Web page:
Rare example of community activism getting a positive change from the government: Brookland Green
Patrick M. Reynolds of Red Rose Studio. (This cartoon appears weekly in the Sunday Washington Post comic section.)
In 2007-2008, the DC Office of Planning developed a "Small Area Plan" for the Brookland neighborhood, in response to development opportunities on land owned by Catholic University located south of Michigan Avenue adjacent to their main campus (at the time they had a gnarly dormitory and another building on one of the four blocks of the property), at the Brookland Metro Station, and on other industrially zoned properties adjacent to the railroad tracks or near to the station.
My criticism of the small area planning process is that it isn't a form of comprehensive neighborhood planning but is more of a "build out opportunity analysis and management plan." That means that generally many elements of what would be in a comprehensive plan get left out.
The plan proposed maximum development of the parcels closest to the Metrorail station, including the land controlled by the transit authority, to maximize the economic return and development capacity, to take advantage of transit proximity (which is in concert with the city's Comprehensive Plan, which stresses development by transit).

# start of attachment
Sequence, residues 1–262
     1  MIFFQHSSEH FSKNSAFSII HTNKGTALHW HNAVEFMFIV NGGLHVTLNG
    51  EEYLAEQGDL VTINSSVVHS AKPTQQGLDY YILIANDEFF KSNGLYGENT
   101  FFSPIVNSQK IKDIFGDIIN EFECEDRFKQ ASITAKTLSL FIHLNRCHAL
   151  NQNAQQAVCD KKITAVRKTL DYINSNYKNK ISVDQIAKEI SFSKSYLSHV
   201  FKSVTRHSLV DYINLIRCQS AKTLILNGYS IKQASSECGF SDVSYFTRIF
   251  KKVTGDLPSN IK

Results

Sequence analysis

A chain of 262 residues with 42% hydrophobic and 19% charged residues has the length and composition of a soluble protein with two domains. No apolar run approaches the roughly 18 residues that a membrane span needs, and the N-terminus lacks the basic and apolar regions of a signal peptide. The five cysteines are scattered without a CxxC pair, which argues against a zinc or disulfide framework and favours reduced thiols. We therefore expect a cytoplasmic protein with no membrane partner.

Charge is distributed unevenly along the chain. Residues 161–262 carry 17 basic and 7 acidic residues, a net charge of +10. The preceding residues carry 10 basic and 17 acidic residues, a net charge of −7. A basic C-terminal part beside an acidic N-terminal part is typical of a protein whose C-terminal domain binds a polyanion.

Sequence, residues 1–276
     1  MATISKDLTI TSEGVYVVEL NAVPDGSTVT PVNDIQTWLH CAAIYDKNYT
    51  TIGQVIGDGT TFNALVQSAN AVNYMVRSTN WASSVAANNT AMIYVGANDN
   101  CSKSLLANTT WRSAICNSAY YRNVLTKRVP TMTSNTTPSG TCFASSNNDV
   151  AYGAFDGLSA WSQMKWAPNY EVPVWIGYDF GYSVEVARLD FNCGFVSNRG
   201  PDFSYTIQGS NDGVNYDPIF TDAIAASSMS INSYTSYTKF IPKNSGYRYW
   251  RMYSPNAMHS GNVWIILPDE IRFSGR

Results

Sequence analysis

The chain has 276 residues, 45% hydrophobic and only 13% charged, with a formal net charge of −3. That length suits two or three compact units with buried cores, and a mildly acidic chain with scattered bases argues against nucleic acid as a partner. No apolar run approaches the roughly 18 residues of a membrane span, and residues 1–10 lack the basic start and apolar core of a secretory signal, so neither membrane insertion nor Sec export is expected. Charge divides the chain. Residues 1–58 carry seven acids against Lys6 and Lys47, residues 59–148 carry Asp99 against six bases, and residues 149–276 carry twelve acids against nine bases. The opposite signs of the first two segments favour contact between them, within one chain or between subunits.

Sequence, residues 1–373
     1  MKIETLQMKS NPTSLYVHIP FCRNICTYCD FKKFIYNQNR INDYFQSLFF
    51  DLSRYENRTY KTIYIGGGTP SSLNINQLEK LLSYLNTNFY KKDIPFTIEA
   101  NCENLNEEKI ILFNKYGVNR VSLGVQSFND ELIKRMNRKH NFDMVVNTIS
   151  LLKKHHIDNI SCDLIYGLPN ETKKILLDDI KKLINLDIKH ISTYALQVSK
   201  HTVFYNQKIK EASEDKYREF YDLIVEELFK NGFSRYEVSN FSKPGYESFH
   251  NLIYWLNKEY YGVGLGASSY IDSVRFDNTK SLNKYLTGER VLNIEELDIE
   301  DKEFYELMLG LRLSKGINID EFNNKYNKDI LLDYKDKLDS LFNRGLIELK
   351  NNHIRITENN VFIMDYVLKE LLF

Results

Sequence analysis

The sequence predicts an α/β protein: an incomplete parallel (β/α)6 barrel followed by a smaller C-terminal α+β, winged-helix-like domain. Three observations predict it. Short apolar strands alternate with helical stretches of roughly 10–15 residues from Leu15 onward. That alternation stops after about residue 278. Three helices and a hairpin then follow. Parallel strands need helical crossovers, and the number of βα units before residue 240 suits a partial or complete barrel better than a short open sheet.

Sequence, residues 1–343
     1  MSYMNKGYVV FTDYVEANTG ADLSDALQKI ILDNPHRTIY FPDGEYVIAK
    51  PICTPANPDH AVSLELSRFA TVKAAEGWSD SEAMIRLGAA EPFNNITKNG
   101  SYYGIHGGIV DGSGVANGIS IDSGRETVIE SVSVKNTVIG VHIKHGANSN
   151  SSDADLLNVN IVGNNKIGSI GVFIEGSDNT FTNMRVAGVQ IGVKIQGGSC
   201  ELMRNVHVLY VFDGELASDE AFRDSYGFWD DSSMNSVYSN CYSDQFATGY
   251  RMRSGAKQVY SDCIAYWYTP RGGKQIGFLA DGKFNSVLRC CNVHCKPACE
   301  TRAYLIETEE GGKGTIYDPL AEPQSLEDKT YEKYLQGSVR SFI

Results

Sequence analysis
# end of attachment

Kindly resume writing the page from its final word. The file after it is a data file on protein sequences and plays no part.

Many residents objected to an element of this recommendation, calling for the preservation of one block that is currently undeveloped. The land functions as a kind of under-planned and under-managed extension of the grounds of the DC Government-owned Brooks Mansion, which is adjacent to the Metro station and used by the DCTV cable access programming organization, as an open space. But it's land owned by WMATA.
At the time, I testified in favor of preserving that block as open space, although it was only later that I termed the developments around the Metro station as a repositioning into Brookland's new "Town Center," supplanting the various blots of commercial space along 12th Street NE.
Saving the Green, but still probably repurposing it somewhat, is necessary because it provides for open space as a key element of the community's public realm framework in a re-centered neighborhood.
Without planning for this at the outset, no space will be available to serve that purpose, as has been the product of other small area plans in the city, including for H Street and NoMA, because it wasn't addressed as an element of the planning process.
In NoMA, the business improvement district has addressed this gap by creating a supplemental public realm framework plan, and the city is providing millions of dollars in funding to create spaces ("Case for Parks").
But the Office of Planning didn't change the recommendation and the community continued to agitate about it (e.g., the GGW post "Brookland neighbors ask Metro for development with a side of green").
The City Paper reports, "City Plans Land Swap to Preserve Brookland Green," that DC Government has worked out a deal to trade land with WMATA so that the "Brookland Green" can be preserved without WMATA losing money from the loss of development capacity, by making them whole with other property.
It does prove that a reasoned argument, even if delivered unreasonably, can sometimes make headway and be successful.